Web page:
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Marbled Cellar Spiders with Egg Sac - Holocnemus pluchei - male - female

Marbled Cellar Spiders with Egg Sac - Holocnemus pluchei - Male Female
Rio Vista, Solano County, California, USA
November 8, 2016
It's not unusual to find a single marbled cellar spider carrying her egg sac, but this was the first time I've ever observed two adults with a single egg sac. They were on my front porch, so it was easy for me to check on them periodically for a couple of days until the spiderlings hatched. The adult on the right is still with the spiderlings, but the other one is very close by. I didn't observe any aggressive behavior, so it would appear that both adults were guarding the egg sac. Could the adults be "mommy" and "daddy" longlegs? These spiders don't appear to be as sexually dimorphic as some other species, but the individual on the left does have slightly larger and darker palps. Is that one male? If any spider experts out there are willing to shed some light on this behavior, I would greatly appreciate it. Species ID is based on the dark ventral abdominal stripes, overall pattern, and long legs.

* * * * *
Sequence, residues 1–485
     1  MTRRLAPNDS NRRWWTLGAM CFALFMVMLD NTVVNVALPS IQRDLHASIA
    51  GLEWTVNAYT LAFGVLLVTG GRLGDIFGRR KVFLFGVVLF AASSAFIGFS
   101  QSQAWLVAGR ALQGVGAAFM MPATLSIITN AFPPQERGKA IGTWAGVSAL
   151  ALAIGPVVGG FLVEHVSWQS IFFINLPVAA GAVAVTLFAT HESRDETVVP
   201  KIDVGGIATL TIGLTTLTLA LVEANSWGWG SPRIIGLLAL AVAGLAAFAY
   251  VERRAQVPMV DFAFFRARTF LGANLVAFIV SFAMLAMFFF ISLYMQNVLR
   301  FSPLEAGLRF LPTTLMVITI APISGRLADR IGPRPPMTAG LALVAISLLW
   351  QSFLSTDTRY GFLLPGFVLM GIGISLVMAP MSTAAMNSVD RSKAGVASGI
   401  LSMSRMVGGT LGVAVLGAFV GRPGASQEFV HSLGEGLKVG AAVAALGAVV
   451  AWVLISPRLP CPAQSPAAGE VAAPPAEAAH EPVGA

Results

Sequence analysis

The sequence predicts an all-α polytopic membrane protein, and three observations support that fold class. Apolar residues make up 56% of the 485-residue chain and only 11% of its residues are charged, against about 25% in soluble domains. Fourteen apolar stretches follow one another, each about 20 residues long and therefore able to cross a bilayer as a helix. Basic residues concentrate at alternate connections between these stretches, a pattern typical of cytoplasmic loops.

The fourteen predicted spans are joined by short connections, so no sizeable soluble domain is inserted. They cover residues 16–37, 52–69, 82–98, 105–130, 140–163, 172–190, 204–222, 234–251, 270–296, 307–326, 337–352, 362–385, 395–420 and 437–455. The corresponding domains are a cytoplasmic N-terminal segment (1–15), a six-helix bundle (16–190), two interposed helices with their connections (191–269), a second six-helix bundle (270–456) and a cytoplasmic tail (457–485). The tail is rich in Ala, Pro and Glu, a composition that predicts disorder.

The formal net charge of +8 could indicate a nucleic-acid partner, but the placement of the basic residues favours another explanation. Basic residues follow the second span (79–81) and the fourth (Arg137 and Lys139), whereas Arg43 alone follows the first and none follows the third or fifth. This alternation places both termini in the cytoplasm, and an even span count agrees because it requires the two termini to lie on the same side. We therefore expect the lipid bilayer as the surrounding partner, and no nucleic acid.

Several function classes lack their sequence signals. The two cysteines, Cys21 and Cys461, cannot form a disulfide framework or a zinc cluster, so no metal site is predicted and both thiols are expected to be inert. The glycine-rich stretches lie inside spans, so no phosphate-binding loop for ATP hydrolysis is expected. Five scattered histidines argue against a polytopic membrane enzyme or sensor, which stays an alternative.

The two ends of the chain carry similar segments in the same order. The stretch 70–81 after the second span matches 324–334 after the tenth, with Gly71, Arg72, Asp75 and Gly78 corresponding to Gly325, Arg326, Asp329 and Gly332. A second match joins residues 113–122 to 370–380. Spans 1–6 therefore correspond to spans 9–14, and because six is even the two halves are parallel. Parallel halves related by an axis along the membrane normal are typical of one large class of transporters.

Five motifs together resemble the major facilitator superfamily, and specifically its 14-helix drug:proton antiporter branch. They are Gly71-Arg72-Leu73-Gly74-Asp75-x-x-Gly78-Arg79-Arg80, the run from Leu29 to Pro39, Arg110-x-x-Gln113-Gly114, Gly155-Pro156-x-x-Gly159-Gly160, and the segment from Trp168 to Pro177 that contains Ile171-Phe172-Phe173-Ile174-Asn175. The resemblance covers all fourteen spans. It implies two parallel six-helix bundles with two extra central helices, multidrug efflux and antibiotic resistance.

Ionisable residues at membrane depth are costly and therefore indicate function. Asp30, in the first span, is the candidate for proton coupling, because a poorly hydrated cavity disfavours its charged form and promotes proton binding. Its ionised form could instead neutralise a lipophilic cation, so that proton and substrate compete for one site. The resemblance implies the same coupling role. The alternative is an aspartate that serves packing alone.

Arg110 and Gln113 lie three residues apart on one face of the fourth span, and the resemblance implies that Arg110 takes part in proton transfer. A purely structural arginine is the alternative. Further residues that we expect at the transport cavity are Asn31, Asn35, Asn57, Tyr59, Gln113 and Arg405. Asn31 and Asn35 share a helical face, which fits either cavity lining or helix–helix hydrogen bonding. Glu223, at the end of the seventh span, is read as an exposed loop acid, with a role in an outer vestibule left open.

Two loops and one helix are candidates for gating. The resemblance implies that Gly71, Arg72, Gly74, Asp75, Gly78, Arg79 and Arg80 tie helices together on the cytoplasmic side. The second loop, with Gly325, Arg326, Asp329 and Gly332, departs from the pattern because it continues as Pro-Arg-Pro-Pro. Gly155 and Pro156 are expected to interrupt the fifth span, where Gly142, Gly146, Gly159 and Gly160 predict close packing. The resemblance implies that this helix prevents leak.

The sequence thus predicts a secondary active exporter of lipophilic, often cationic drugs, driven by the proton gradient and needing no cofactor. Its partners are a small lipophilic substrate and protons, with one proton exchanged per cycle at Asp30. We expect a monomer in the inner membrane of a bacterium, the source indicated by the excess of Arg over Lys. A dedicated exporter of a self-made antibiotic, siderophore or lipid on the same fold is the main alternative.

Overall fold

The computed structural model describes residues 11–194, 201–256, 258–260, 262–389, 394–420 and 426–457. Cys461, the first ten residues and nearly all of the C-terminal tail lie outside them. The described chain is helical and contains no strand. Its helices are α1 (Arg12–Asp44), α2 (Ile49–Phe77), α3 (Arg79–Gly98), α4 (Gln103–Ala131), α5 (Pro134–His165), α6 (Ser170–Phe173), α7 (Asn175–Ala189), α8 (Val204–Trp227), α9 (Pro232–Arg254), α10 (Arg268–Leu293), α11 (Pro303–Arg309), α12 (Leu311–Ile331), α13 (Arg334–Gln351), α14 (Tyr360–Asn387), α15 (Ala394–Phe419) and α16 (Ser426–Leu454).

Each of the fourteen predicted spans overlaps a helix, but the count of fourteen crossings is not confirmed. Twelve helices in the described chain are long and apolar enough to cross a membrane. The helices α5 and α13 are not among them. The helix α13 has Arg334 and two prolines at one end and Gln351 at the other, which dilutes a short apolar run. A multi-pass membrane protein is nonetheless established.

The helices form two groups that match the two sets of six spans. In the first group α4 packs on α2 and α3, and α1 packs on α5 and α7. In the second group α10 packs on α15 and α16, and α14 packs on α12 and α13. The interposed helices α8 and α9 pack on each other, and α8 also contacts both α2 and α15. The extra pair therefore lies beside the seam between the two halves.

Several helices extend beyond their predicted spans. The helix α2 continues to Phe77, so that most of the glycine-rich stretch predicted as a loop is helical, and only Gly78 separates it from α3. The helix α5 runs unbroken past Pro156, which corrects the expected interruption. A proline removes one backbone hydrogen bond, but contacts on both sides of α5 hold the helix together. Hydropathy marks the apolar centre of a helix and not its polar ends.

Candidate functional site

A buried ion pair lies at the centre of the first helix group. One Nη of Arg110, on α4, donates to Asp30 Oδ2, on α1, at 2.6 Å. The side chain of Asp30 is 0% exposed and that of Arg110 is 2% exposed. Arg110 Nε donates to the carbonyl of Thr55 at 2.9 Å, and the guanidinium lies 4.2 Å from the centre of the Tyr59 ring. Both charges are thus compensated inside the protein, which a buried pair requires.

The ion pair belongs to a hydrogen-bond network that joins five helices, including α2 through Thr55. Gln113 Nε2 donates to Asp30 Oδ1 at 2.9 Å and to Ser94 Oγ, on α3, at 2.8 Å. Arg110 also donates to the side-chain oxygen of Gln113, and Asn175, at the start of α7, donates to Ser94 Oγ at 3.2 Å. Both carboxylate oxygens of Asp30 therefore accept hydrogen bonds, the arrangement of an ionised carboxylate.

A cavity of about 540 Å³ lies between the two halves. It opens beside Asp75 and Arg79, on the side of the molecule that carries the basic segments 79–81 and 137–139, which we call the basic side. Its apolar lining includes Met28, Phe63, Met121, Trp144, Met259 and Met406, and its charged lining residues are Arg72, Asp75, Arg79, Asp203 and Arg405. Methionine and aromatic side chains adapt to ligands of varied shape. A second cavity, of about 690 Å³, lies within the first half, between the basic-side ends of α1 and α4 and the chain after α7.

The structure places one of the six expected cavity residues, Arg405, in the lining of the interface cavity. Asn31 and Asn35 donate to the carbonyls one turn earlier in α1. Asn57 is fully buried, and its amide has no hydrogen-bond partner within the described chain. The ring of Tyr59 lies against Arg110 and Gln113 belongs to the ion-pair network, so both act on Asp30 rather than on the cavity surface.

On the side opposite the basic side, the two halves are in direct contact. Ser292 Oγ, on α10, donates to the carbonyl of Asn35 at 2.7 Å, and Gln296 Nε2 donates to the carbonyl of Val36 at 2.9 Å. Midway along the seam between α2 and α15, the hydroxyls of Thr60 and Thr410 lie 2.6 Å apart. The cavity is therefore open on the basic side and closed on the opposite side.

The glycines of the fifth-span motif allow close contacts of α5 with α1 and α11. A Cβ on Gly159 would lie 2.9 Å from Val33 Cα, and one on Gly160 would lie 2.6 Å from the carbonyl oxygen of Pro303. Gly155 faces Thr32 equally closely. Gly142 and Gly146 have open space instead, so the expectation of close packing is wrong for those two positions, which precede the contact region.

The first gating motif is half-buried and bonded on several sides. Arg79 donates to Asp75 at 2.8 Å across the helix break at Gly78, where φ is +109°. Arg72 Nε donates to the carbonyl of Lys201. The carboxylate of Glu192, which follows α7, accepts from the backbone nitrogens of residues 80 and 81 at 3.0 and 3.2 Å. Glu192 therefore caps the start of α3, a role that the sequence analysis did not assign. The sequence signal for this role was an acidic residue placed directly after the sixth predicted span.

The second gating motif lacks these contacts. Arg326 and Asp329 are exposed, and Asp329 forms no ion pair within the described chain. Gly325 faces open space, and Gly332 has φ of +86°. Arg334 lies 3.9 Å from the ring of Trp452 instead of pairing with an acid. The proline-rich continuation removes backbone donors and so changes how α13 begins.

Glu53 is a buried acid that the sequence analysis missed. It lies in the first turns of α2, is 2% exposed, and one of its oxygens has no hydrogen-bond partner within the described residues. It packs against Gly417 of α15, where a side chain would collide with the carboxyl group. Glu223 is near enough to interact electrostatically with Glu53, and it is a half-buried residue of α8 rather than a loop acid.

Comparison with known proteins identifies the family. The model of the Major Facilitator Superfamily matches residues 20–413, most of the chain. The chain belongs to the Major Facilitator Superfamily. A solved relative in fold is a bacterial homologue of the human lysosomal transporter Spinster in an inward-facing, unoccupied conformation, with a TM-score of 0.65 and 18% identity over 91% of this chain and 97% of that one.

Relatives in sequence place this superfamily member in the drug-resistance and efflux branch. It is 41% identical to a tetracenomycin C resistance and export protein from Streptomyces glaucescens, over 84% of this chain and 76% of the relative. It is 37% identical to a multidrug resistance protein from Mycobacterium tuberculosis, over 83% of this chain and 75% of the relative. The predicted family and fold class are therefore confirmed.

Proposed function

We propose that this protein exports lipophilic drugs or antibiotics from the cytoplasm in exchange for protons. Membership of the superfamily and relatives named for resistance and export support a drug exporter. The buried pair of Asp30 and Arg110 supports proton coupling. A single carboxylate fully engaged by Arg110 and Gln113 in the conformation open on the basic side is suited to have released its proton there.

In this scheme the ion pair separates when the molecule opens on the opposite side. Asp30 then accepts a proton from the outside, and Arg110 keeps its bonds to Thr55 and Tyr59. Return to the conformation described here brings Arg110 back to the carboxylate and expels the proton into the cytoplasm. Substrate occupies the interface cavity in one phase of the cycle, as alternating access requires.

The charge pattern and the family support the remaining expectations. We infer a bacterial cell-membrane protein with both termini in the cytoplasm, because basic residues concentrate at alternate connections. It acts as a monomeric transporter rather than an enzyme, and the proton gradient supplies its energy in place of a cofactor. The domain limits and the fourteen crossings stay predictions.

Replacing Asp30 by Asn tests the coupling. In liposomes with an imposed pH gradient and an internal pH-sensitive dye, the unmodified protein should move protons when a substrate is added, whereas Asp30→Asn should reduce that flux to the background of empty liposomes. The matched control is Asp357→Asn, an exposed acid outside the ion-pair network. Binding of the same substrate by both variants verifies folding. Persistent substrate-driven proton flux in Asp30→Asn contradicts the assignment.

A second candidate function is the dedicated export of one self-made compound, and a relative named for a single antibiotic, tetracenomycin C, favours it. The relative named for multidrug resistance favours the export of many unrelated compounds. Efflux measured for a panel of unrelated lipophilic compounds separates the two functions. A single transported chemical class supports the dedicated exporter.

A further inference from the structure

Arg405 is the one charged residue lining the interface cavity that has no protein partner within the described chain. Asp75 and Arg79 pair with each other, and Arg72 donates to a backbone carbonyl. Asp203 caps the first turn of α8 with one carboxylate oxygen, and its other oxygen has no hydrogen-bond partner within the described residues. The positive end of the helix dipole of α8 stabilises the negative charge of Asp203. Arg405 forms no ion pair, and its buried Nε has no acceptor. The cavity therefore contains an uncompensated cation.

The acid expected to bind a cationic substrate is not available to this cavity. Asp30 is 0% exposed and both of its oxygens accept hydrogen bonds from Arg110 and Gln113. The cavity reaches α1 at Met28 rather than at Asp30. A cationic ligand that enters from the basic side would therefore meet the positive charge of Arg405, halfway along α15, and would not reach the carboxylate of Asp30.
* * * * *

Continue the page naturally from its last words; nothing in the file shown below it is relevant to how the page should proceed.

The one on left is an adult male. He appears to be consuming one of the 'eggs' in this image.

The dark spots on sac are the abdominal portion of the spiderlings with head and legs clearly visible in front of them.

The maternal care ends when spiderlings emerge and female discards sac.

Male probably waiting to mate with female soon after sac discarded, or just using her web for now as a place to stay. Likely a completely different male that mated with her originally.

When females are carrying sacs, and a male is present, males sometimes capture prey caught in the females web (and even when females aren't carrying sacs). I can't remember if females carrying sacs capture prey or not. I'm thinking they simply attach the sac in the hub area during prey capture and consumption, and quickly grab the sac at the slightest disturbance.

for all the helpful information. I didn't really have high hopes that there was any kind of fairy tale family dynamic going on here. It just seemed odd to me that the female didn't appear to be doing anything to defend her young.

are often very tolerant of each at least when conspecifics, and conspecifics are often found in close proximity with interconnected webs. May not apply to all Pholcids, but most of the commonly encountered ones.

So in this instance not odd or unusual as it would be with the majority of spiders out there!

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